There's this line of very strong women in my family
that are so stoic and...
-Well, now it is time for your next choice.
Let's see what your must-see TV was back in the day.
-Oh, my God!
-Sealed With A Loving Kiss.
Broadcast on Channel 4 in the early
'80s, S.W.A.L.K told of the trials
and tribulations of teenager Amanda.
I loved this.
And it was just all about growing up.
-But there was only ever six episodes.
-This is 1982.
-This was brilliant.
And she liked him.
I had a crush on her, she was my first crush.
-I think he turned out to be a bit of a wrong 'un.
-I think so.
This iconic show stood out from other programmes of its time,
thanks to its unusual use of on-screen photo stories
and an agony aunt played perfectly by Prunella Scales.
They're not all creeps, are they?
You've cracked it there, love.
He's made the first move. It's up to you to make the next one, right?
But she had an older sister. And her older sister was quite glamorous.
And got all the boys and she didn't
and they kind of had this real love/hate relationship.
But I don't ever remember it being only six episodes, that's insane.
Because it just seemed to go on and on for me.
Oh, mate, that's so brilliant.
-She pulls off the role of embarrassed teenager?
She was amazing. I used to, I loved, I loved her.
I loved her, I'd just be like that.
And I'd wait every week for the next episode.
That's brilliant because I haven't seen that since I was younger.
-God! Yes, so I was...
-I wasn't that old, I wasn't that old.
-You was a baby.
-But just, I wanted to be her.
-What made that so exciting for you?
-To want to be her.
-I just thought she was really cool.
And I just thought...
I just, I just liked her and I wanted to be like that.
And I was hoping that when I got to her age, that's what I'd be like.
I'd be this kind of...
You know, everything is kind of, "Oh, it's all terrible
"but I'm getting through it," kind of thing. Yeah, that's so weird.
And I'd forgot that Prunella Scales was in it.
Yes, she played, like, the thoughts in her head, her agony aunt.
Yeah. That's fantastic, I'm so pleased I've seen that.
Did you used to read girl magazines?
-You know, with those photo stories in.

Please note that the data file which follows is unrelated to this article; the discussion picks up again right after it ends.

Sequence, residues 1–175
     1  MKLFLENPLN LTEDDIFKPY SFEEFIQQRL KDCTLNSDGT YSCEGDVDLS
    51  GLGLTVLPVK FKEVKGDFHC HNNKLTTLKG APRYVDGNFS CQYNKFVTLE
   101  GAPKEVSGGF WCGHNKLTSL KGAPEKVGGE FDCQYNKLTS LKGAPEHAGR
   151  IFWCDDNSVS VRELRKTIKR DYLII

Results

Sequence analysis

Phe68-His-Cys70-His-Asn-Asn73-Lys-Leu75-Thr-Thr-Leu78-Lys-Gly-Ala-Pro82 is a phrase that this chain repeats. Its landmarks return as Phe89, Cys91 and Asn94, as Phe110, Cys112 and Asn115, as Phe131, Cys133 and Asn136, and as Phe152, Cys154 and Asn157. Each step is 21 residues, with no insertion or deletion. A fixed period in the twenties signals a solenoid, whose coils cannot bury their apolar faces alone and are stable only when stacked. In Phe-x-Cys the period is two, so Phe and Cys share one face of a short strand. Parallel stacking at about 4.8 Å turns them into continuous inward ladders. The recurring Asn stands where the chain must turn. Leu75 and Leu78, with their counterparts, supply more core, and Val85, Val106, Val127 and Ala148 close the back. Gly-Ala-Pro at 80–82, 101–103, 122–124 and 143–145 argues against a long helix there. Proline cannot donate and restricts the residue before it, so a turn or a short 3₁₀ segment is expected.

-I did. I used to read Girl.
-Which was amazing. And Jackie.
I think I probably wasn't allowed to read that
when I started reading because it was a little bit grown-up.
-Which one would be racy out of that? What, Jackie or both?
Girl wasn't so much.
Girl, there was a cartoon strip in Girl magazine
that I followed every week and it was about these two ballerinas.
And one was good and one was evil
and it was about their fight to get this leading role.
And again, I'd be waiting until it came out,
I think it came out every Tuesday.
And I'd be down the newsagents with my mum and reading it
and stuff, it was great. Yeah.
So, when you was watching S.W.A.L.K, was you...?
Did you have your acting ambition then?
No, I wanted to be a dancer then.
So, I trained, I started doing ballet when I was about five
and that's what I wanted to be. And then it...
It became clear very quickly that I was not going to be a ballet dancer.
Because I just couldn't do it and I didn't have the discipline
and I just, I wasn't, I wasn't very good, you know?
And then a drama teacher, when I went to drama...
Because I did go to dance school for a year and then the drama teacher
said, "You know, I don't think you're going to
"pull it off as a dancer.
"But you show promise as an actress and I think you should pursue that."
And that's what made me become an actress.
-So, at what age would that have been?
-When I was about 16, 17.
I knew then, that it was never going to happen.
And I was quite pleased because it's hard work.
-Acting is a lot easier than dancing.
Yeah, because you don't have to keep training, you know.
You don't have to train every day to be an actor.
That's kind of in there, it's a natural thing.
You know, but dancing, you have to work your muscles and you
have to keep supple and you have to keep it all in there.
-So, are you pleased it went off?
-Because my career would be over now.
You know, as a dancer, I probably wouldn't be...
Unless you're somebody like Darcey Bussell,
who's an incredible ballerina,
-your time is limited as a dancer.
Whereas acting, you know, you can do it till you're 100.
-Well, I'm very pleased that you moved into acting.
Now it's time to move on to your TV fear.
SHE LAUGHS NERVOUSLY
-Let's take a look.
Would you like the paper?
The Day Of The Triffids was an adaptation
of John Wyndham's cult novel.
Telling the terrifying tale of the world's battle to survive
the petrifying man-eating
Any idea of what it is?
No, no, not really. It's blown in from somewhere, I suppose.
Either that or a foreign import of some sort I know not what of.
No, it's none of that. You wait.
Come on, Bill. Have a look inside. Come on.
-Don't look inside it.
-Don't look inside.
-Don't look inside it.
-Come on now, Bill. That's nature.
-It's good, isn't it? That, for the time.
I shall take care of you, old chap.
-It starts shaking.
Mysterious, intelligent and utterly terrifying triffids
could kill a grown man with their sting.
We were beginning to learn about the tri-feds,
or triffids, as they came to be called.
It terrified the bejesus out of me, that did.
-Yeah, because I thought it could happen. I always thought